N is a 50digit nomber(in the decimal scale). All digits except the 26th digit(from the left) are 1. If N is divisible by 13, find the 26th digit.
we can use the facts that
$\displaystyle 10^6 \equiv 1 \mod 13$
so $\displaystyle 10^{6k} \equiv 1 \mod 13$
so $\displaystyle a10^{6k} \equiv a \mod 13$
also
$\displaystyle 10^3 \equiv -1 \mod 13$
then combining this with our other idendity
$\displaystyle 10^{6k+3} \equiv -1 \mod 13$
so $\displaystyle a10^{6k+3} \equiv -a \mod 13$
so our number is
$\displaystyle N = 11,111,111,111,111,111,111,111,11k$$\displaystyle ,111,111,111,111,111,111,111,111$
which we can write as..
$\displaystyle N = 11*10^{48} + 111*10^{45} + ... +$$\displaystyle 11k*10^{24} + ... + 111*10^3 + 111$
using our idendities from before, we know that for instance
$\displaystyle 11*10^{48} \equiv 11 \mod 13$
since 48 = 7*6 so
$\displaystyle N = 11-111+111-111+111-111+111-111+11k$$\displaystyle -111+111-111+111-111+111-111+111 \mod 13$
which simplifies to
$\displaystyle N \equiv 11k - 100 \mod 13$
so if $\displaystyle N|13$ then $\displaystyle 11k-100 \equiv 0 \mod 13$
the only value of k where this is true is $\displaystyle k=3 $
thus this is the answer. $\displaystyle \mbox{the 26th digit is 3.}$
What I wanted to say(although I have not tried) is that we could substitute the 26th digit as 1 and perform divison(which will be easy due to repeating 1's) and then find find the value of k by guessing the remainder that the 26th digit should give while performing division.Originally Posted by malaygoel
I think I have found it.Originally Posted by malaygoel
By performing simple division, I found that 111111 is divisible by 13
Now,
$\displaystyle N=11,111,111,111,111,111,111,111,11k,$$\displaystyle 111,111,111,111,111,111,111,111,$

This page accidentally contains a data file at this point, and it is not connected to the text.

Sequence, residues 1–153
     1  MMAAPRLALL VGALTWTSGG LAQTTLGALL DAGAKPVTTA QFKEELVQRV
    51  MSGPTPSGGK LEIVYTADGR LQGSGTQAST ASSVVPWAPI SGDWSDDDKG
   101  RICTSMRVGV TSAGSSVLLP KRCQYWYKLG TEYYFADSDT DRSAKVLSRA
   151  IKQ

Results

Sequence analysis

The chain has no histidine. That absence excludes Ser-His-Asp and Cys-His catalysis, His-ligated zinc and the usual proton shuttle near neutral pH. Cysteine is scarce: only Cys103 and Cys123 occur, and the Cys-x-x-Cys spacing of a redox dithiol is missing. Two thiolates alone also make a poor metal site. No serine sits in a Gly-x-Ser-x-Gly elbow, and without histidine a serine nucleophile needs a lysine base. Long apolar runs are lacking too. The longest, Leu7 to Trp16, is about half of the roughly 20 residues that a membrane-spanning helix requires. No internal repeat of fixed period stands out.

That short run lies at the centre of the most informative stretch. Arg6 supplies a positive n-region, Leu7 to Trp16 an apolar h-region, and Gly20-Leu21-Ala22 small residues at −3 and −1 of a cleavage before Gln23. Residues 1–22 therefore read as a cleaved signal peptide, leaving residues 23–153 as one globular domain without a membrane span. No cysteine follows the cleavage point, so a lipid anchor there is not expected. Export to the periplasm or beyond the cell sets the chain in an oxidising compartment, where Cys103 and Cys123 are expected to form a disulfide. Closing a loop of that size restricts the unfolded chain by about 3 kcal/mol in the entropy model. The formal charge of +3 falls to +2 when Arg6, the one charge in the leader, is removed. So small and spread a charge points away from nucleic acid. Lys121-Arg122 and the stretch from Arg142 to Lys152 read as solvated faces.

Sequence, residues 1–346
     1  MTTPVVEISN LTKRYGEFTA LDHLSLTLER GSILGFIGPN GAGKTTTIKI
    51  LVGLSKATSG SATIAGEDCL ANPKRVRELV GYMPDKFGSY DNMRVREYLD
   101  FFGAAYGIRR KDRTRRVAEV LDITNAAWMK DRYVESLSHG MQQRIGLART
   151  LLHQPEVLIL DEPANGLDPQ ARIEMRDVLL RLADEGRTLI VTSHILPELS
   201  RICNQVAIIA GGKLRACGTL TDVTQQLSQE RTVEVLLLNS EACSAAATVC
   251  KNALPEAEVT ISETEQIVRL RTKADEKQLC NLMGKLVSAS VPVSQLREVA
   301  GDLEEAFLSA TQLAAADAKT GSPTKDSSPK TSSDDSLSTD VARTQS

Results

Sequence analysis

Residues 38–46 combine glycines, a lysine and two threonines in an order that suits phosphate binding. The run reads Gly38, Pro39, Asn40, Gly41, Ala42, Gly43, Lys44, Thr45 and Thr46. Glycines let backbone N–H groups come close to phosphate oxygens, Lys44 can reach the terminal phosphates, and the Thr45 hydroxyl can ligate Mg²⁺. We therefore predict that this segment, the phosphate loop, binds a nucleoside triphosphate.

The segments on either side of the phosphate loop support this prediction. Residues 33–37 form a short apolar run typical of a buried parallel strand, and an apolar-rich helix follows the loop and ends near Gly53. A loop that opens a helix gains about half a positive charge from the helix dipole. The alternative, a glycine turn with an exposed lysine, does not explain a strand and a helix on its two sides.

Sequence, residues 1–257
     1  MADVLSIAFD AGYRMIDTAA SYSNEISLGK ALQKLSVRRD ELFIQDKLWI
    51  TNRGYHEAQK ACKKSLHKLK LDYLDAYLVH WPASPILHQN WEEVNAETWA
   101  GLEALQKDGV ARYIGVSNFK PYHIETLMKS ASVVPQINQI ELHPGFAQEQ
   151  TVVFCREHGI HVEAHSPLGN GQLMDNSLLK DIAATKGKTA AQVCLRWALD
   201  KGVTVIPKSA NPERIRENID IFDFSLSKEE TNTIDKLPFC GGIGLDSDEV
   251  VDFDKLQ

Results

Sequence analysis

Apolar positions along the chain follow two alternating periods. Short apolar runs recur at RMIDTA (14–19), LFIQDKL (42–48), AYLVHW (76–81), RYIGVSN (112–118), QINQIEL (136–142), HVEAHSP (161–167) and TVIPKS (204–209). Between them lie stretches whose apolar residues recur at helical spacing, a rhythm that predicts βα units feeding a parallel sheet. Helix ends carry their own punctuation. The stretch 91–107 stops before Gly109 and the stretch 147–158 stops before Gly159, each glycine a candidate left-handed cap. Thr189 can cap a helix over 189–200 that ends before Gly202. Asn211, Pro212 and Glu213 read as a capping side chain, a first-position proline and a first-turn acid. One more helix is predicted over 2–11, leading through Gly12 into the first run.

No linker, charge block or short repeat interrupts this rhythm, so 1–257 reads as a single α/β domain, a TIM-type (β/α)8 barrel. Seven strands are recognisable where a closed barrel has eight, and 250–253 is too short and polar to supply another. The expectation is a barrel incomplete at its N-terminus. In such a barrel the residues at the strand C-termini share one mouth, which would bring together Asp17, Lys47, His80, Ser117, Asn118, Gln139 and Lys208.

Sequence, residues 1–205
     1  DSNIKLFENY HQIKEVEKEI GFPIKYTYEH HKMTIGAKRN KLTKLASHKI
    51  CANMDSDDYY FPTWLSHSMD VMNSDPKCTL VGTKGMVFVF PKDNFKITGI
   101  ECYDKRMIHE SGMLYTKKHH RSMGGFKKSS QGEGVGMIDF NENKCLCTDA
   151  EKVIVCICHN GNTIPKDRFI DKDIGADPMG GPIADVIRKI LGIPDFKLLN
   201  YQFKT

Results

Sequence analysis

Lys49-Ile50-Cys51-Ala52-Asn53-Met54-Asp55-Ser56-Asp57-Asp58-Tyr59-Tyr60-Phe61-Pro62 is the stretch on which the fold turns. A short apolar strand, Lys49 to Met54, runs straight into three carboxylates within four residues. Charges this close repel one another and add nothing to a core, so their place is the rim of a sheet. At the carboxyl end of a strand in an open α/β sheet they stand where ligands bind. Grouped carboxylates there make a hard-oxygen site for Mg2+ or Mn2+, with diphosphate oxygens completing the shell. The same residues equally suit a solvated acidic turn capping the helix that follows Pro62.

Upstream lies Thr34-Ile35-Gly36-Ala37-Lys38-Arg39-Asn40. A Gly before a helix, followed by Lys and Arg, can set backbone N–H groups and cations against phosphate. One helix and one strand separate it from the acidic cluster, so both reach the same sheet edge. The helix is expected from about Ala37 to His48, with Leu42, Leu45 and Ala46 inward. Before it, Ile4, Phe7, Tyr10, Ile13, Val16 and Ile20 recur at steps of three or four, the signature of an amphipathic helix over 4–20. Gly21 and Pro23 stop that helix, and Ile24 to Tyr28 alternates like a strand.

there are 25 1's before k and 24 1's after k.
24 1's before k and 24 1's after k are divisible by 13
We are left with $\displaystyle 1k$ and hence the answer 3.
Excellent solution, Malay!
I've known for years that $\displaystyle 7 \times 11 \times 13 \:=\:1001$ **
. . hence: $\displaystyle 111,111\:=\:111 \times 1001 \:=\:111\times 7 \times 11 \times 13$
I'm embarrassed that none of this occured to me.
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More trivia . . .
. . $\displaystyle 10,001 \;=\;73\cdot137$
. .$\displaystyle 100,001 \;= \;11\cdot9091$
.$\displaystyle 1,000,001\;=\;101\cdot9901$
$\displaystyle 10,000,001\;=\;11\cdot909091$
. . . .$\displaystyle 111\;=\;3\cdot37$
. . .$\displaystyle 1,111 \;=\;11\cdot101$
. . $\displaystyle 11,111\;=\;41\cdot271$
. .$\displaystyle 111,111\;=\;111\cdot1001\;=\;3\cdot7\cdot11\cdot13 \cdot37$
.$\displaystyle 1,111,111\;=\;239\cdot4649$
$\displaystyle 11,111,111\;=\;10001\cdot1111\;=\;11\cdot73\cdot10 1\cdot137$
Hello, ThePerfectHacker!
Good call!
These numbers are called "repunits".
We can however show: if a repunit is prime, then the number of ones must also be prime.
"Repunits" is an abbreviation for repeated units.
Even if the numbers of 1's is a prime number, there is no dependable rule.
Let $\displaystyle 1^{(n)}$ represent a number composed of n 1's.
$\displaystyle 1^{(3)} \;= (3)(37)$
$\displaystyle 1^{(5)} \;= (41)(271)$
$\displaystyle 1^{(7)} \;= (239)(4649)$
$\displaystyle 1^{(11)} = (21,\!649)(313,\!239)$
$\displaystyle 1^{(13)} = (53)(79)(265,\!371,\!653)$
$\displaystyle 1^{(17)} = (2,\!071,\!723)(5,\!363,\!222,\!857)$
$\displaystyle 1^{(19)} = prime$
$\displaystyle 1^{(23)} = prime$
$\displaystyle 1^{(29)} = (3191)(16,\!763)(43,\!037)(62,\!003)(77,\!843,\!83 9,\!397)$
$\displaystyle 1^{(31)} = composite \text{ (divisible by }2791)$
I would be happy if you post here the proof of the statement in the quoted work.But the question still remains:Is there any criteria by which we can say that "$\displaystyle \frac{10^k - 1}{9}$ is prime or composite depends on the value of k"?Originally Posted by ThePerfectHacker
Similarly, what can you say about the numbers $\displaystyle 10^k + 1(k\geq4)$.
Keep Smiling
Malay